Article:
The Illusion of Expanse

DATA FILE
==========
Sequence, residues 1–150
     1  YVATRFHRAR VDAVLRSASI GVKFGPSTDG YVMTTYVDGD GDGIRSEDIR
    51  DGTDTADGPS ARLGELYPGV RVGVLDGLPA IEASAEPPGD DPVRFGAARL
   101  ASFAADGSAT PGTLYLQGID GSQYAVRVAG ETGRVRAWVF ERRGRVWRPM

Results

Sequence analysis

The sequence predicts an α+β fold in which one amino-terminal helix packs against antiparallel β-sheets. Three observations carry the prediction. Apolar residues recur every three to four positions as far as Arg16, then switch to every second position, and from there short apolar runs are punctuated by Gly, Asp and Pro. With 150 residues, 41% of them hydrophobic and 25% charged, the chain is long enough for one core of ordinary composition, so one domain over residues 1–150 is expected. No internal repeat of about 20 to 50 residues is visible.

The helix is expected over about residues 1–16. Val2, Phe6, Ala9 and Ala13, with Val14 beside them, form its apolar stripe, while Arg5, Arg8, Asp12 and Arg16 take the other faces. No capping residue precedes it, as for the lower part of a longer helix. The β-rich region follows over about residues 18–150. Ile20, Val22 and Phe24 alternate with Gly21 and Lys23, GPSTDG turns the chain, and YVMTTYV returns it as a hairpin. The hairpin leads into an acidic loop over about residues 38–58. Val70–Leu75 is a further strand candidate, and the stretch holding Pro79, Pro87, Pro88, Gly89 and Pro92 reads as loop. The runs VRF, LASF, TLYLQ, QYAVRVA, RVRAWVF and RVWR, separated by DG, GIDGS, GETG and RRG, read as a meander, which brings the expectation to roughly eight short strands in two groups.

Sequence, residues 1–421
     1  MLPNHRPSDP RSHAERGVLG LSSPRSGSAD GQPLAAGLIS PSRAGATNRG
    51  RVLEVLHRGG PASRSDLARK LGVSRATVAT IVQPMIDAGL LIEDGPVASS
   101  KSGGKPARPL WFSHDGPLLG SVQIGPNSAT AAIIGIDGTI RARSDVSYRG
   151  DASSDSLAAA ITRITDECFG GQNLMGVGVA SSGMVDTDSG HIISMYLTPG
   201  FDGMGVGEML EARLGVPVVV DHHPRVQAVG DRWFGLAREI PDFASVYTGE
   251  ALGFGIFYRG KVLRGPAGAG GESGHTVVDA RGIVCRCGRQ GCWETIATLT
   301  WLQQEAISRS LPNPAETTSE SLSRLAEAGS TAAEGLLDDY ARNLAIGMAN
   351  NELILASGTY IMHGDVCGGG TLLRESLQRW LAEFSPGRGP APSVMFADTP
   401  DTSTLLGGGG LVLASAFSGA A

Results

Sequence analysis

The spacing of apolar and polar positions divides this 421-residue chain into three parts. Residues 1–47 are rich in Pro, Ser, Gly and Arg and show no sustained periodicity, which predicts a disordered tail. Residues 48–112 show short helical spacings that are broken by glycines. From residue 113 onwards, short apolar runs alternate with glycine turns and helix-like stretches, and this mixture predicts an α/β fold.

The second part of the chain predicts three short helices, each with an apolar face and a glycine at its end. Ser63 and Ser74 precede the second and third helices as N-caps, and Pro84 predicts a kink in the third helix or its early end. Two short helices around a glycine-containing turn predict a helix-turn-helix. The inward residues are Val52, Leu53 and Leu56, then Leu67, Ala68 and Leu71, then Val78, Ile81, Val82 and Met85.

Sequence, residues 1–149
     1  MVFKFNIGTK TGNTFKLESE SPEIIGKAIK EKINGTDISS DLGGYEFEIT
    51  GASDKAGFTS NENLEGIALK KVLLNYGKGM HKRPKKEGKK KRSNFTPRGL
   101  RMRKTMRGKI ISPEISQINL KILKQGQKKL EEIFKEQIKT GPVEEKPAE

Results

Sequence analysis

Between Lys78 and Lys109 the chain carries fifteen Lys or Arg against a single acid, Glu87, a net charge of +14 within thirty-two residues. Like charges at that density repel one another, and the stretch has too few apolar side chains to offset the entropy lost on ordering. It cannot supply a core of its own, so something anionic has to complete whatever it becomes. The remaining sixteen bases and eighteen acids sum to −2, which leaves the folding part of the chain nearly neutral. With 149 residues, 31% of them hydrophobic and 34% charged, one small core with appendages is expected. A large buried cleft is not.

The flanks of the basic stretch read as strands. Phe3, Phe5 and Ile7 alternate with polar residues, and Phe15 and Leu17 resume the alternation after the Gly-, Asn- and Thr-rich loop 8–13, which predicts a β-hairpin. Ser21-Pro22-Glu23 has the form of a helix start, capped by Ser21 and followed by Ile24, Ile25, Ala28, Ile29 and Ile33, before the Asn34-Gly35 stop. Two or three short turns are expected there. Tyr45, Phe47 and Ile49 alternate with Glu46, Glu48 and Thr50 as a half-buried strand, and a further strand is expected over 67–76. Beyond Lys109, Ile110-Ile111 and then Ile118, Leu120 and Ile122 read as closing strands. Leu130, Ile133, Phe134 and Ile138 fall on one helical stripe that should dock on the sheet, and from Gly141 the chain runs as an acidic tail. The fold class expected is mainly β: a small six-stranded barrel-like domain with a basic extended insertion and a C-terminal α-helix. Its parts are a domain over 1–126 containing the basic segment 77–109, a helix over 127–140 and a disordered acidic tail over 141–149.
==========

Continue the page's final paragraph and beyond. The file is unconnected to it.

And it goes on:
When I think of retreat, I think of the illusion of expanse—a locale of the mind. In this gaming with place, I have lifelong, a retreat to which I repair. I become a foreigner without a journey. I experience a sense of dislocation, crucial to me as a writer, without re-locating. I am thinking of two in the town where I write. I ‘live’ elsewhere. I speak my mother tongue, but hear the mother lingua of others. Pocketed like nesting boxes in this province, there are two superb sanctuaries for invented exile, a superior form of retreat. One, a fourteenth century Classical Chinese Scholar’s Garden. The other: a Japanese Garden superlatively planned. These two treasures of the city are preserves—not in likeness to each other, but in their calibrated harmonies and juxtapositions, symbolic "events" and objects, hidden occasions for beauty, way-stations. These are not only places for the filling up of what is empty in myself, but amazing theaters of artifice, topography (swale, berm, hillock, waterfall, slope, steep), respite for the journeying spirit. It should not consternate visitors that in the Classical Garden, fractured glimpses from exquisitely carved camphor casework representing cracked ice are of Old Town. Any state of reverie must be drawn from within and can sustain dissonance. Both the Japanese and the Chinese have a word for this vista that translates as "borrowed view," the idea of a world set just outside, a beyond, as in the purposeful deep-set aperture in a Renaissance painting. These gardens, unalike, become balconies for overlook, lanterns to illumine the incipient idea. Centuries-old traditions, transmuted in one, replicated in the other. Serial small moments of revelation. In the Scholar's Study and garden, poetry is an integral element. In the Japanese, principally the nuanced voice of the landscape (itself, a poem): rocks, heart-hand-eye-selected (poems); paths with no visible juncture (poems). Also integral are the resonant place names. I choose not to distinguish; let them find seekers: Strolling Pond Garden; Moon-locking Pavilion; Zig-Zag Bridge; Half a Window Clustered in Green; Stone Mountain; Garden of Awakening Orchids; Moon Bridge, Celestial House of Permeating Fragrance.... Seasons commemorate an uncommon awareness of the temporal. In the Japanese Garden, transience and passage marked by the vigor of the young, the longevity of plant and tree life in the heady force of a protracted middle-age. But in complex systems for support of the fragile, in the gnarled inter-depen-dence of roots, erotically conjugal, in the brief lives of blossoms—transience, veneration for age, the vulnerability of all living things. In the Chinese Garden, precise in its refine-ments, an oblique overlay of forms, blooms, fragrances; the headiness of that camphor in the Scholar's Study. To enliven the senses. That’s what I’m after when I leave home. The humdrum of commerce and traffic do not obtrude on this encapsulated weather. In the Japanese Garden, the acoustics of running water, of silence prevail. The clothes I imagine myself wearing say "traveler." In the Chinese Garden, I am preoccupied with small steps. I wear silken slippers. I move soundlessly across the bridge. In the Japanese Garden, I am a thousand-year-old traveler with knapsack, foot-weary, my battered hat a comforting eyesore as I move toward the rain shelter to sit inexplicably heartened under a tin roof of resonating patter. In any city so fortunately gifted, these are illimitable rooms. Any citizen may joust with epiphany, open the album to continuum, embark on a trek to the interior, where the poet, inside the smallest box, nested in the Natural Garden (of Chaos), scrawls with invisible ink from the novelty shop. A good memory is still better than pale ink. I sit here, sitting, writing with a feather. Send me back your own gardens, pastures, axioms, maxims. It may be, in our separate maxims, we write for each other. Salud. Thank you for thinking of the rain.